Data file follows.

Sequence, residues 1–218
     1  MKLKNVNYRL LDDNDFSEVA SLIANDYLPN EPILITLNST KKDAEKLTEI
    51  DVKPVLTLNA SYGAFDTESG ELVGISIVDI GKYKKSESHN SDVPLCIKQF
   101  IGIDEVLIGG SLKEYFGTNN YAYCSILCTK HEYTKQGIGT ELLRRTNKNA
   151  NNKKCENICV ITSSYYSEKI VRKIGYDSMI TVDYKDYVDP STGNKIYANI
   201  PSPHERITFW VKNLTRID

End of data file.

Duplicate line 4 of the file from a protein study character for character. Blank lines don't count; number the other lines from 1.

   101  IGIDEVLIGG SLKEYFGTNN YAYCSILCTK HEYTKQGIGT ELLRRTNKNA